Twenty-five or 26 years ago, she’s not sure, Rae Goforth came up with the idea of serving tea and plum pudding at Christmastime as a fundraiser for the Clatsop County Historical Society.
She has been making the puddings ever since that are served at the Flavel House.
Goforth spends much of September each year making the puddings. She usually makes about 48 of them. Each pudding is cooked for three hours. They are then wrapped and frozen to await the Tea.
Plum pudding has its origins in medieval England. It is traditionally served on Christmas Day as part of the Christmas meal. Despite the name. “plum pudding,” the pudding contains no actual plums – thanks to the pre-Victorian use of the word “plums” as a term for raisins.
When served, the puddings have a lemon sauce poured over them, a touch of whipped cream is applied, plus a cherry and a holly leaf as garnish complete the dish.
Adding to this year’s Tea, Gloria Linkey was present to discuss her new book and the area’s history. “Native American Women, Three Who Changed History” is available a bookstores and museums around the region.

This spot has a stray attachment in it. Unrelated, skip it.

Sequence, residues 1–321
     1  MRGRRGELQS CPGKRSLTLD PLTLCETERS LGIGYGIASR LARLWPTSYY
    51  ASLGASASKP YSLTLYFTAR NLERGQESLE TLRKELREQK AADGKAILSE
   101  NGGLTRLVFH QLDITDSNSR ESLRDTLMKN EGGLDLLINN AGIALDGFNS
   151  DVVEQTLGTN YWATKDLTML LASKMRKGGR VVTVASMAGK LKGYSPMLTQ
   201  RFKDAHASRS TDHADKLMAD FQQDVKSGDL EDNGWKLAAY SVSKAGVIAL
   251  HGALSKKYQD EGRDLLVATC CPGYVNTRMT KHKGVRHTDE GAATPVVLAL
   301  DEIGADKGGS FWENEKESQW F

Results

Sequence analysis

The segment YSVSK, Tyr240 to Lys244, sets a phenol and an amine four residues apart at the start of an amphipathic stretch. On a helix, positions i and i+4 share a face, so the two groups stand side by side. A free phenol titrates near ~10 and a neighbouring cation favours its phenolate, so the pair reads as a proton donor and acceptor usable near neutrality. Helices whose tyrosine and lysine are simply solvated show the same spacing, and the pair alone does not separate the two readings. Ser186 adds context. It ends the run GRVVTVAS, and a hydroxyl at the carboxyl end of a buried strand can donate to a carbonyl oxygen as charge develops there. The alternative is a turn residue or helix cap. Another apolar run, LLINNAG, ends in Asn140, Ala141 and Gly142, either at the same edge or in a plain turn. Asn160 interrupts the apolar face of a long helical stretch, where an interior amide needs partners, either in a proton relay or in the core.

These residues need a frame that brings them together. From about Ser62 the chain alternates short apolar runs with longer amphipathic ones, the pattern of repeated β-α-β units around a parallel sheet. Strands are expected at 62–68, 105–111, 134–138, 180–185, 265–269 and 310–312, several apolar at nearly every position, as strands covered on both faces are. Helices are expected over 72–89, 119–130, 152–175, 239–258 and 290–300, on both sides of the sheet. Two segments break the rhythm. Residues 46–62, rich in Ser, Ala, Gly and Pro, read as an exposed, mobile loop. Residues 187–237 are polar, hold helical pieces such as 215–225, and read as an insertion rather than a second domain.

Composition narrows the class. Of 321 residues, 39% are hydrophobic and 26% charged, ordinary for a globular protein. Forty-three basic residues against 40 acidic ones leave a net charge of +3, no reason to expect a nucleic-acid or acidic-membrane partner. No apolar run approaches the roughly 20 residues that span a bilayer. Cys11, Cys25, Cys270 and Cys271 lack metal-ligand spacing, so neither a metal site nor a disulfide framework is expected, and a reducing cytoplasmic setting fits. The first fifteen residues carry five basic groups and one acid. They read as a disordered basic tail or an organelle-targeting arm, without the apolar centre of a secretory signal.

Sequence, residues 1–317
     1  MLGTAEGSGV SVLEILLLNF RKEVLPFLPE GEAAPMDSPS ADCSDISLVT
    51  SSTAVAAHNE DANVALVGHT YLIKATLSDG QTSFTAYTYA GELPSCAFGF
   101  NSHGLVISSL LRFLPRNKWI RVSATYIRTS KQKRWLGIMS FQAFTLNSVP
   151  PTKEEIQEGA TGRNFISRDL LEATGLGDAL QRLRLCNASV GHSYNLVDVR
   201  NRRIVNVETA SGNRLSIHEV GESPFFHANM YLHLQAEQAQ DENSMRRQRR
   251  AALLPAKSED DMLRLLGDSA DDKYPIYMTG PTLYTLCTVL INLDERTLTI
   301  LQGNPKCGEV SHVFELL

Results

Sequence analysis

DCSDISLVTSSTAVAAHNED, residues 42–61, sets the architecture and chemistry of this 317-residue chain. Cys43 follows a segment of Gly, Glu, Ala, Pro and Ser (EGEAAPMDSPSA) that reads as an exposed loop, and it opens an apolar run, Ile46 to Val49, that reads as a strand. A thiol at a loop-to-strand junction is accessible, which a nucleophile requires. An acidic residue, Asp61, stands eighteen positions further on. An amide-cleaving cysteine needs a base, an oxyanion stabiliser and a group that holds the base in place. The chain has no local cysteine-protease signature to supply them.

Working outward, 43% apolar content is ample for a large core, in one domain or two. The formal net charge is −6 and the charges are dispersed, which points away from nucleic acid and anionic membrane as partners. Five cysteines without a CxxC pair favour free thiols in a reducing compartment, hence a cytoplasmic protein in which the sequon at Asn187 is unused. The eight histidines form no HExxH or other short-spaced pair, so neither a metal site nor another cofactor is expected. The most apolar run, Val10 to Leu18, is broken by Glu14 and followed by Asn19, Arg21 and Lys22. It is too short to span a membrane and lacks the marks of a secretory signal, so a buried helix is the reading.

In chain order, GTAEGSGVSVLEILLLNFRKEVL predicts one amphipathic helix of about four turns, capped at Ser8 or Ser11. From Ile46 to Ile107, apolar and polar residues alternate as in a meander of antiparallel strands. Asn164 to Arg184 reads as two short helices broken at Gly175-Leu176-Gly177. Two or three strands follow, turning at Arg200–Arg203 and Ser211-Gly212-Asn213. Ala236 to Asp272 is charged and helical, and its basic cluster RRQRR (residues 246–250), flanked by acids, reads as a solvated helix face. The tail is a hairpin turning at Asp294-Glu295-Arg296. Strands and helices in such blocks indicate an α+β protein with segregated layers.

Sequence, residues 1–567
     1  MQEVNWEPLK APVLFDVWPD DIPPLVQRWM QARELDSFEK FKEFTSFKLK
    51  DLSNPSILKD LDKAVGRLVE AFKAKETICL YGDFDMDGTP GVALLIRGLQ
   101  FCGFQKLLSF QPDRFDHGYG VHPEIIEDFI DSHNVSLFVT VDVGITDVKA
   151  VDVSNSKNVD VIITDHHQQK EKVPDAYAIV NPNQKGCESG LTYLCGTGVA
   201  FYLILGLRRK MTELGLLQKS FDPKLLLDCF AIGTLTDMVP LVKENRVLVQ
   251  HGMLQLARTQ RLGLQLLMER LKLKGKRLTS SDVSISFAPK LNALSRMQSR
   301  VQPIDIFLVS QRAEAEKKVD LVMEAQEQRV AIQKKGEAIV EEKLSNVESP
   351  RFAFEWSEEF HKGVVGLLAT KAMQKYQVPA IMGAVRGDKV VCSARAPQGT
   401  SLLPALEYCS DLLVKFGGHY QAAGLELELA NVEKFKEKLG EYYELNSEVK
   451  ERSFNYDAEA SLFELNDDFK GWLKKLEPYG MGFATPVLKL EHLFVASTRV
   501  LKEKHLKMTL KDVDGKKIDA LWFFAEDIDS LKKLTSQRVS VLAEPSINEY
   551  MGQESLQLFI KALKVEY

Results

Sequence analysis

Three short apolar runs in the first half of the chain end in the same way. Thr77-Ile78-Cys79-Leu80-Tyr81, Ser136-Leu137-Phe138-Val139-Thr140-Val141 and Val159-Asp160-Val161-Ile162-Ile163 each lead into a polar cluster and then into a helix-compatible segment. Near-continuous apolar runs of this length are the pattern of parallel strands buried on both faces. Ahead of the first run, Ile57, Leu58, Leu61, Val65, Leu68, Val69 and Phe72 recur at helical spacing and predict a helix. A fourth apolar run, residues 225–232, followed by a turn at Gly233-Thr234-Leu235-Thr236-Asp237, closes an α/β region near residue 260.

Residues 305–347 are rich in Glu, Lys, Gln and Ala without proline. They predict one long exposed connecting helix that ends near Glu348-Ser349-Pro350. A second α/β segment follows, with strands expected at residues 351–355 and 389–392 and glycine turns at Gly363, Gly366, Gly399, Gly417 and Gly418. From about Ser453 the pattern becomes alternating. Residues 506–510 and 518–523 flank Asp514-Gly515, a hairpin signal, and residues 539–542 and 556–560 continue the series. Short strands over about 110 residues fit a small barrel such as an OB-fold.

Paula Biwer and her daughter, Carolyn Biwer, made the trip from Longview, Wash., specifically to attend the Tea and Plum Pudding. The Biwers, who frequently sail to Astoria in their boat, saw the Tea advertised last summer. They decided that it sounded interesting and drove down the road Sunday.
The culinary delights continue. This year’s Tea and Plum Pudding will be held from 1 to 4 p.m. daily today through 23, and also Dec. 26 to 30. Cost per person is $10 and includes fresh, warm plum pudding, a cup of hot tea and a self-guided tour of the Flavel House Museum. Reservations are recommended for groups of eight or more.
For more information about this event or other Clatsop County Historical Society activities, call 503-325-2203 or email firstname.lastname@example.org
This story originally appeared in Daily Astorian.